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An Autobiography

A Beginning At Seventeen
Perhaps my turn for economics was partly inherited from my mother, and emphasized by
my father having been an unlucky speculator in foreign wheat, tempted thereto by the
sliding scale, which varied from 33/ a quarter, when wheat was as cheap as it was in
1837, to 1/ a quarter, when it was 70/ in 1839. It was supposed that my father had made
his fortune when he took his wheat out of bond but losses and deterioration during seven
years, and interest on borrowed money--credit having been strained to the utmost--
brought ruin and insolvency, and he had to go to South Australia, followed by his wife
and family soon after. It seems strange that this disaster should be the culmination of the
peace, after the long Napoleonic war. When my father married in 1815 he showed he was
making 600 pounds a year, with 2,000 pounds book debts, as a writer or attorney and as
agent for a bank. But the business fell off, the book debts could not be collected; the bank
called up the advances; and for 24 years there was a struggle. My mother would not have
her dowry of 1,500 pounds and other money left by an aunt settled on herself--neither her
father nor herself approved of it--the wife's fortune should come and go with her
husband's. My father first speculated in hops and lost heavily. He took up unlucky
people, whom other business men had drained. I suppose he caught at straws. He had the
gentlest of manners--"the politest man in Melrose," the old shoemaker called him. My
paternal grandfather was Dr. William Spence, of Melrose. His father was minister of the
Established Church at Cockburn's Path, Berwickshire. His grandfather was a small landed
proprietor, but he had to sell Spence's mains, and the name was changed to Chirnside. So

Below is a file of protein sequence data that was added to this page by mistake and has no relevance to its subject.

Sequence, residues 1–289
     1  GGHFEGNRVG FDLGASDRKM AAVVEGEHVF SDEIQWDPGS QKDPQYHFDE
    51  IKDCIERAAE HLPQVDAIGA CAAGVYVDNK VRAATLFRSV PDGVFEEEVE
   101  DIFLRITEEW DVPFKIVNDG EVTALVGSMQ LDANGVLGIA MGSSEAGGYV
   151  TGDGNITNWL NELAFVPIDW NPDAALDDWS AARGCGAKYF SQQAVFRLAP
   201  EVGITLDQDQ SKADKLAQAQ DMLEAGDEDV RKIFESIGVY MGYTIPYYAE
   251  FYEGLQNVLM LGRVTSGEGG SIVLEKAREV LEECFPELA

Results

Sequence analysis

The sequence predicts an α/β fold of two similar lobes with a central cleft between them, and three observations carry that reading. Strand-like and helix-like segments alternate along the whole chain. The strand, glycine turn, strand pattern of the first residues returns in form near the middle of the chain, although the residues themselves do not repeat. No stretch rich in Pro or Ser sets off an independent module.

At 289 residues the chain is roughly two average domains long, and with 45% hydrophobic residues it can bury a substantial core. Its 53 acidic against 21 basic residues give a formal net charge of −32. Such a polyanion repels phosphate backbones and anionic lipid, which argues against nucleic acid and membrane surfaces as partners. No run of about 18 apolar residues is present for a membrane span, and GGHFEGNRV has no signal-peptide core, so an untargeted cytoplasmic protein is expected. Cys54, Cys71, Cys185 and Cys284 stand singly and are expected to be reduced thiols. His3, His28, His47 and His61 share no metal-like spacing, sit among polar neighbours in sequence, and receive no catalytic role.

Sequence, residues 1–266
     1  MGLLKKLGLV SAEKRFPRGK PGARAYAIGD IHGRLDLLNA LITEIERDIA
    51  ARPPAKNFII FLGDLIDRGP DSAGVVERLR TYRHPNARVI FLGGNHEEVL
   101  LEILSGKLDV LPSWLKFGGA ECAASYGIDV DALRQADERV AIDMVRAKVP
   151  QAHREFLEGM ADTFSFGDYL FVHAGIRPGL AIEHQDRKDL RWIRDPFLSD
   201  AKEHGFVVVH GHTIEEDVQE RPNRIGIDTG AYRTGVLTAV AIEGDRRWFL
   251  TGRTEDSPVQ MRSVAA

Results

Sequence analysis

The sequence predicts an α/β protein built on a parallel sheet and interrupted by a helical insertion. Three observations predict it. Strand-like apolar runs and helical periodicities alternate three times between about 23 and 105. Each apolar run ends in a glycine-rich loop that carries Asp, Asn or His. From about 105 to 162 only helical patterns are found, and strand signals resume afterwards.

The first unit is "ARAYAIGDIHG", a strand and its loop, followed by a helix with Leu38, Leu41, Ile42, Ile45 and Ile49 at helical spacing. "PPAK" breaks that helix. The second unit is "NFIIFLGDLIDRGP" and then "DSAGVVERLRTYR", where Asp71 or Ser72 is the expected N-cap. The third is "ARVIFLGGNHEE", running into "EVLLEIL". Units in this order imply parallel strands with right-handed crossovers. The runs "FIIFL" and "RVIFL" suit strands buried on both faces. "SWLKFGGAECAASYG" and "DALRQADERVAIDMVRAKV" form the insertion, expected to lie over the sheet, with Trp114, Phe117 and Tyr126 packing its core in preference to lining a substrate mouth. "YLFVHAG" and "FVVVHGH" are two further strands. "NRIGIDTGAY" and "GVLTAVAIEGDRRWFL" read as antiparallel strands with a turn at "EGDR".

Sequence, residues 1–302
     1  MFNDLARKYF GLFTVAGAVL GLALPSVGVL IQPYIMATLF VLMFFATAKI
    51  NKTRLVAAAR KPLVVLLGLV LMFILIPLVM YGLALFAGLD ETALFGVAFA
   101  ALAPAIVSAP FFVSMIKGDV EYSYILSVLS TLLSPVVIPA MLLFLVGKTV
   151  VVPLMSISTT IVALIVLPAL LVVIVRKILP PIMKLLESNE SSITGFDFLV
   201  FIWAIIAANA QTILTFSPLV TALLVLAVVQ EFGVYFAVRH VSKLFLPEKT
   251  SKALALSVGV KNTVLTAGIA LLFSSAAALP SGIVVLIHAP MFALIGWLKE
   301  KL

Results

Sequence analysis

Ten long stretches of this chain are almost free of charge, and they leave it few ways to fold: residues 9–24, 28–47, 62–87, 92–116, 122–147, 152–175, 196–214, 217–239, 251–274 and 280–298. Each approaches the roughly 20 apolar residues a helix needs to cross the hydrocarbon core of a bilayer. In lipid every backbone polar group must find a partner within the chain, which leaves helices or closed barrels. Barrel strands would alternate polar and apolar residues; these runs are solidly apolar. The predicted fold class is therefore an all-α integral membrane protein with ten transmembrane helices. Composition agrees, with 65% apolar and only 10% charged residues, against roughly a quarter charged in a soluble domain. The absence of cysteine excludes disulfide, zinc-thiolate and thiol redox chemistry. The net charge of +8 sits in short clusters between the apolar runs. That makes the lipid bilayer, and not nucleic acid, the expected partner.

(as my father used to say) he was sprung from the tail of the gentry; while my mother was
descended from the head of the commonalty. The Brodies had been tenant farmers in
East Lothian for six or seven generations, though they originally came from the north.
My grandfather Brodie thought abrogation of the Corn Laws meant ruin for the farmers,
who had taken 19 years' leases at war prices. But during the war times both landlords and
farmers coined money, while the labourers had high prices for food and very little
increase in their wages. I recollect both grandfathers well, and through the accurate
memory of my mother t can tell how middle-class people in lowland Scotland lived and
dressed and travelled, entertained visitors. and worshipped God. She told me of the "dear
years" 1799 and 1800, and what a terrible thing a bad crop was, when the foreign ports
were closed by Napoleon. She told me that but for the shortlived Peace of Amiens she
never heard of anything but war till the Battle of Waterloo settled it three months before
her marriage. From her own intimate relations with her grandmother, Margaret Fernie
Brodie, who was born in 1736, and died in 1817, she knew how two generations before
her people lived and thought. So that I have a grasp on the past which many might envy,
and yet the present and the future are even more to me, as they were to my mother. On
her death in 1887 I wrote a quatrain for her memorial, and which those who knew her
considered appropriate--
Born at Whittingham, Scotland, 1791.
Died at College Town, Adelaide, South Australia, 1887.